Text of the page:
Help Your Child Transition into a School Ready Mindset
A three-step guide on preparing your child’s mind for the new school year.
The end of summer is usually marked with nervous excitement, lingering feelings of fleeting freedom, and eager anticipation of what’s to come. Transitioning from a flexible, care-free schedule back into the school routine doesn’t have to be such a grind. Using the following definitions and three easy steps, help guide your child into a school ready growth-oriented mindset.
Fixed Mindset. The belief that traits such as intelligence, behavior, and even attitude are fixed and beyond the control of an individual. Children who display a fixed mindset are frequently afraid of failure. They may appear to be lazy or indifferent about experiencing new things.
Growth Mindset. The belief that traits, such as intelligence, behavior and even attitude, can be developed through hard work, dedication, planning and the courage to learn from failure.
Children who express a growth mindset don’t get give up when something doesn’t go exactly as planned. They figure out what happened. Then they make a plan to avoid making the same mistake in the future. They have to be coached and encouraged to overcome an obstacle; instead of letting frustration or anger prevent them from learning what happened.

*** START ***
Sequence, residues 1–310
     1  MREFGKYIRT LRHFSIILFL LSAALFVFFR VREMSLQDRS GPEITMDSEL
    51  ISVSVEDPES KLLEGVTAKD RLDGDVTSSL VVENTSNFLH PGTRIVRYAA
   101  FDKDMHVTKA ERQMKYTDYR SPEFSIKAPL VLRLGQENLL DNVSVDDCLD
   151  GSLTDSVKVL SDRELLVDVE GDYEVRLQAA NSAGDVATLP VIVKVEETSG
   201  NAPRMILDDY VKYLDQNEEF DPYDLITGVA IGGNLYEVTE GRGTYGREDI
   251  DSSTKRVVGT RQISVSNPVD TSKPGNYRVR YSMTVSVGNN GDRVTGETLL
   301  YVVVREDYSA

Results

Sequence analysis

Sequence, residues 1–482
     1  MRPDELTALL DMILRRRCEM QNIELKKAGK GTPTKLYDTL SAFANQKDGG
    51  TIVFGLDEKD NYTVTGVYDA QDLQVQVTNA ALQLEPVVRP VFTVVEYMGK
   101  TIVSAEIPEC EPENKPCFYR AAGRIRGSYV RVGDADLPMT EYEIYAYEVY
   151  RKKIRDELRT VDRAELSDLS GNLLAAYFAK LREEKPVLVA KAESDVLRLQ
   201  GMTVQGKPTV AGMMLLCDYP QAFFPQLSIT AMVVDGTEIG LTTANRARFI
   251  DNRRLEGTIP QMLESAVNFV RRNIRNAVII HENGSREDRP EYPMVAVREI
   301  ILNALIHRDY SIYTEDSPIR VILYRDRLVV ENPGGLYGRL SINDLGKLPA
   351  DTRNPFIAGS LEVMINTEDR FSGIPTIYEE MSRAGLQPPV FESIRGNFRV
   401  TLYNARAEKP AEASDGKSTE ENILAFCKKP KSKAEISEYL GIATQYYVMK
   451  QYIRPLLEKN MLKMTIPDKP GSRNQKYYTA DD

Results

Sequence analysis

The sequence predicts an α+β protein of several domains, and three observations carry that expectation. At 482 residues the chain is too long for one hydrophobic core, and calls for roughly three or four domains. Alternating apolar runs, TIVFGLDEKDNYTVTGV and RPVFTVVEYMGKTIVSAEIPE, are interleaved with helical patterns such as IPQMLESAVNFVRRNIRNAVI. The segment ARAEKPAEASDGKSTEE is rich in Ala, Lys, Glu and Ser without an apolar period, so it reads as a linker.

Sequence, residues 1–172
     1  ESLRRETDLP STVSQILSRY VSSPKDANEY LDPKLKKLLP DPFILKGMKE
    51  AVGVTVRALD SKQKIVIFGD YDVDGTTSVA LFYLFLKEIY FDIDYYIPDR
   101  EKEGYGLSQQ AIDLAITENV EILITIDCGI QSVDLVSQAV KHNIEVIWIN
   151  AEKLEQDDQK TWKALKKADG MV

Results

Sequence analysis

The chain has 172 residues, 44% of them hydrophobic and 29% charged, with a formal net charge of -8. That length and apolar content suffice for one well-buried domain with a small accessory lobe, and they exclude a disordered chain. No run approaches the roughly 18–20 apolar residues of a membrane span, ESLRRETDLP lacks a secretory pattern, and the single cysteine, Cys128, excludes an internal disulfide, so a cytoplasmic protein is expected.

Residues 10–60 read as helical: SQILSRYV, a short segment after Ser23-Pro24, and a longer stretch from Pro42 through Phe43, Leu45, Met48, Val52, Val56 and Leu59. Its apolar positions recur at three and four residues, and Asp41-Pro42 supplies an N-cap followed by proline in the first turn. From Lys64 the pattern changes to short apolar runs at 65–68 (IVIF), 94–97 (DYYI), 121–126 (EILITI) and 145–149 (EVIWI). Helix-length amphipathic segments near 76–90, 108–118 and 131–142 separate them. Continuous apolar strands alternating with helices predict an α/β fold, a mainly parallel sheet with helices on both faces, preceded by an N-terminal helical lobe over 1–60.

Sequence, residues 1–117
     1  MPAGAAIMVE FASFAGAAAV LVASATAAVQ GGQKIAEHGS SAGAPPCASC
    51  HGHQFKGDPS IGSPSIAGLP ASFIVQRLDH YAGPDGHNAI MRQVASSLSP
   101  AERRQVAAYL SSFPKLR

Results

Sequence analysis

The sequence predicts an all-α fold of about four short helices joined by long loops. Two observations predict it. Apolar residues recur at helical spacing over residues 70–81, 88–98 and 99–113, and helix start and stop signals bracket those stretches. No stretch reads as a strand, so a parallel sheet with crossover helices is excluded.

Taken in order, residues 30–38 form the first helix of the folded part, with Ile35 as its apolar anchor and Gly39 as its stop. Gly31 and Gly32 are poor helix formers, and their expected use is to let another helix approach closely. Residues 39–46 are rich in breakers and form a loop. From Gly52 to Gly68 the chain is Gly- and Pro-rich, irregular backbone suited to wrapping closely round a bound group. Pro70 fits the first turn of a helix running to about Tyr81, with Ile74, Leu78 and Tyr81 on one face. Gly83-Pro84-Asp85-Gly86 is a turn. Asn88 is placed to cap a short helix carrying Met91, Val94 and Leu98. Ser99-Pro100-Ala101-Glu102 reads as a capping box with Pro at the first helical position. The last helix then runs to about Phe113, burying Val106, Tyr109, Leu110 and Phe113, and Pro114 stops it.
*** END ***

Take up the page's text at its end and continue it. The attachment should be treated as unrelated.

Now it should be stated that nobody on the planet exhibits a growth mindset about everything. We all operate from somewhere in the middle of the two mindsets. The goal is to identify an individual fixed belief system so that it can be grown and developed.
Step 1: Ask your child to make a list reflecting on all of the areas in which they are strong from the last school year. You might want to set a time limit for five minutes or less. Next, ask your child to list some areas in which they would like to improve for the new school year. It might also be helpful to make your own list to model this mindset exercise with your child. When time is up, ask your child to identify one thing from their list of areas upon which to improve.
Step 2: Ask your child what obstacles got in the way last year with their chosen list item. What can be done differently to avoid those same obstacles? This is an important step to model for your child as well. Share an experience of how you changed the way you think to improve your identified area of improvement from your list in Step 1.
Step 3: Make a specific plan to build better behaviors, develop intelligence through positive experiences, and improve attitude through self-reflection and analysis. Create a routine or a pathway with your child to help grow their mindset. Remember to build your own plan with your child to demonstrate the growth-minded process.
Transitioning long-held, fixed beliefs into a growth-oriented mindset is a process. It will take time; however, it is a process that will allow both you and your child to truly experience all of the richness and excitement that the new school year has to offer.
Chad Beveridge is a current doctoral student earning his PhD in curriculum and instruction from the UNC Charlotte. He has extensive experience with literacy strategies, cross-curricular approaches, and teaching executive functioning skills.